Rajah Solaiman with one great blow cut the dragon into two, but the two pieces became two dragons and Rajah Solaiman had to fight them both. He fought long and valiantly, but the more he hacked at the dragons, the more numerous his enemies became, and he was finally overwhelmed and died.

In Mecca, Rajah Indara Patra had been watching the growth of the kilala tree. For years it had thrived, then, suddenly, when it was about to bloom, it withered. Thus did Rajah Indara Patra learn of his brother's lone death.

Without as much as bidding his relatives goodbye, Rajah Indara Patra hastily set sail, eastward bound, to avenge the death of his beloved brother. He first touched the Lanao shore at the place now known as Malabang. From there he journeyed inland and when he reached Bandar Inged, near Binidayan, he sighted the gigantic Omaka-an on Mount Matutum. "There is the monster that killed my brother!" he said to himself.

When he faced the beast, he demanded: "Are you the monster who killed my brother, Rajah Solaiman?"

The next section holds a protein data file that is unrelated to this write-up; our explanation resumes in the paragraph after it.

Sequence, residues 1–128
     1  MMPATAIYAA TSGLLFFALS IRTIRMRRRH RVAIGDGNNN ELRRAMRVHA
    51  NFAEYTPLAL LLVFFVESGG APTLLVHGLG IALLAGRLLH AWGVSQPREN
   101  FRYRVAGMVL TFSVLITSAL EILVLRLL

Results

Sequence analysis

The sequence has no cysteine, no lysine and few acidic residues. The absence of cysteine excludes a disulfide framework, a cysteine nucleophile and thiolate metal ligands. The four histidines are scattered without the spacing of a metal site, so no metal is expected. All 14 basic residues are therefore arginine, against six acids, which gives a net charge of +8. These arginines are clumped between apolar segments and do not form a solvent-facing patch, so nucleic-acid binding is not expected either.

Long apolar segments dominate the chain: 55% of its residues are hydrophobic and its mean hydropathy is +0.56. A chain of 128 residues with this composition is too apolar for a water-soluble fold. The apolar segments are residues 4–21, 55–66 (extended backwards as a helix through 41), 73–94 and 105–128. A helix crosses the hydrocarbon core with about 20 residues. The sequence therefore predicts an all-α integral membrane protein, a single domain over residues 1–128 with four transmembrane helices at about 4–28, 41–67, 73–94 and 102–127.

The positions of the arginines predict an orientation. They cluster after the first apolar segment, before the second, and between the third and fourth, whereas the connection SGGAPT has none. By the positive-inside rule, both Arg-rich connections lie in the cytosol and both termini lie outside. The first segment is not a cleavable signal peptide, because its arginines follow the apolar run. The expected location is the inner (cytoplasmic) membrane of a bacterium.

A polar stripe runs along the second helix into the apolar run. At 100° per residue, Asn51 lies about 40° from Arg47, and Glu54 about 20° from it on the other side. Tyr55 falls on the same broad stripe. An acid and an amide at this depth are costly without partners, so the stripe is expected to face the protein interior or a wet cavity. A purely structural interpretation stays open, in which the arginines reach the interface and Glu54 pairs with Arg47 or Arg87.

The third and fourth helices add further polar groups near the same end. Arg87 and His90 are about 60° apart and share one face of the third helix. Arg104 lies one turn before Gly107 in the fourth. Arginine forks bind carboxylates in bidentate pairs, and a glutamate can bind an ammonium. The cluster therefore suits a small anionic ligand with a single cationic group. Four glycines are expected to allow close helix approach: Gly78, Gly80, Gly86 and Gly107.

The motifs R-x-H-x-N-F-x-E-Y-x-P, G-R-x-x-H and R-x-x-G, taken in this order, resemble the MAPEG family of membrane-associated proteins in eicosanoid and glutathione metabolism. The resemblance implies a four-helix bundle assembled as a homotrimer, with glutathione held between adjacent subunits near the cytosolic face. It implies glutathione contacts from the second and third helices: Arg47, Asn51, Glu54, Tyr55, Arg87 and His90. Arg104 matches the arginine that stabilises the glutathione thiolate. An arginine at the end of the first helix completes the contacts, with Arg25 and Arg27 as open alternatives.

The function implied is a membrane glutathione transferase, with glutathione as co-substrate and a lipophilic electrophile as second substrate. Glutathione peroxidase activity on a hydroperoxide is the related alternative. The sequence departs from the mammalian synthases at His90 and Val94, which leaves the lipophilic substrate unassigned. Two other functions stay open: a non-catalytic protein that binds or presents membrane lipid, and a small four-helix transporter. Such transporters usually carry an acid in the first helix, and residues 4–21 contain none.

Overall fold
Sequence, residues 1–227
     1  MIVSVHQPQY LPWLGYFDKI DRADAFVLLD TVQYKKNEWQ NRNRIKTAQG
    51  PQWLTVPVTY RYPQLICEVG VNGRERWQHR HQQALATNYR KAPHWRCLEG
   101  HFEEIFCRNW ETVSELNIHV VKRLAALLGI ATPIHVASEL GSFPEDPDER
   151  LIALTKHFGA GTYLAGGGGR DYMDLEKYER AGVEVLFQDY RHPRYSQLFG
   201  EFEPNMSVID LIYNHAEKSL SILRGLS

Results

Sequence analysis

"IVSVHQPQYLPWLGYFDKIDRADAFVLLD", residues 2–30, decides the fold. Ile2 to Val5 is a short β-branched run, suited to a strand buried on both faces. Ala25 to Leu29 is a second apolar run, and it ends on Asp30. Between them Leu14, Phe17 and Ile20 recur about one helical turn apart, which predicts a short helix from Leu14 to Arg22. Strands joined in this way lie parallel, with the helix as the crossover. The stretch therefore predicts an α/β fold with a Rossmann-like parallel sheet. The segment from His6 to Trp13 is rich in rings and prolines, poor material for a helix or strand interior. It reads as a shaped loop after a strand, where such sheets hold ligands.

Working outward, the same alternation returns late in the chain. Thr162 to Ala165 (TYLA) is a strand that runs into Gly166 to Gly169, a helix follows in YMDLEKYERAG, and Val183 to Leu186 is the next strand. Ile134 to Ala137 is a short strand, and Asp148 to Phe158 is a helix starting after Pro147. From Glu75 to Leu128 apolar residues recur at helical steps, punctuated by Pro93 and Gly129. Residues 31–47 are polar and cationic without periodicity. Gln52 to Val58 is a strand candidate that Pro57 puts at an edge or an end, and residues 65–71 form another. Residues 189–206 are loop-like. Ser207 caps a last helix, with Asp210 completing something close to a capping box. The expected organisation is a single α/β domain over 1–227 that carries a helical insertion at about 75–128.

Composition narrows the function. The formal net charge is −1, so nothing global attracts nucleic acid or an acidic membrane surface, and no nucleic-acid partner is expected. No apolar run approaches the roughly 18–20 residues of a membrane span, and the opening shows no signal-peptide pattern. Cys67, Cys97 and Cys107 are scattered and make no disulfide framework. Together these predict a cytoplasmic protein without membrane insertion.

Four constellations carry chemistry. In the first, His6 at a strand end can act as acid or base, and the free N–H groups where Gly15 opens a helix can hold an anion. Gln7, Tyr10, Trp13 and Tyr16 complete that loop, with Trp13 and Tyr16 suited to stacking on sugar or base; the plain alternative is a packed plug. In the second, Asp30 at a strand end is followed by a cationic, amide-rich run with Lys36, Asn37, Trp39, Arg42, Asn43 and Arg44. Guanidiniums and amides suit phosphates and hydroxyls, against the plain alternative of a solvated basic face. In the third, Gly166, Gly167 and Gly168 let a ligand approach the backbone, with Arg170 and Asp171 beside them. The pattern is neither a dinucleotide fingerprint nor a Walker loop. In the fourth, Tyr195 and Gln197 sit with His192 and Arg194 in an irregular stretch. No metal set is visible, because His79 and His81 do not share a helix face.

"Yes", replied the dragon. "I killed him in a fight."

"Then I shall kill you!"

"I am prepared to die", said the dragon calmly, "but I advise you to cut me through, or else I will not die."

Rajah Indara Patra was wiser than his ill-fated brother. In the fight that immediately began, he did not cut Omakaan through, but only slashed and slashed at him, and after a long battle, the crafty Omaka-an, bleeding from a thousand wounds, fell before the more cunning Rajah Indara Patra.

After killing Omaka-an, Rajah Indara Patra searched for Maka-ogis. He found her at Gurayen and forthwith slew her in the very same manner he had killed Omaka-an.

Then free to roam the country unmolested, he began a search for the remains of his brother, but all his efforts were in vain. He could find no trace of Rajah Solaiman's body. He could ask for no information from anyone, for there were as yet no human beings in the land other than himself.

One day he was benighted at Marantao, near Dansalan. He sought shelter under a balete tree and began to cook his food. He was so grieved at having been unable to find the body of his brother, that the tears began to trickle down his face, almost extinguishing the fire. The occupant of the tree, a good-natured sprite, took pity on him and asked: "Why do you grieve so, Allah's favored one?" Rajah Indara Patra was startled. He looked around and saw nobody. He doubted what he had heard; but the voice spoke again: "Why do you grieve, Allah's favored. one?"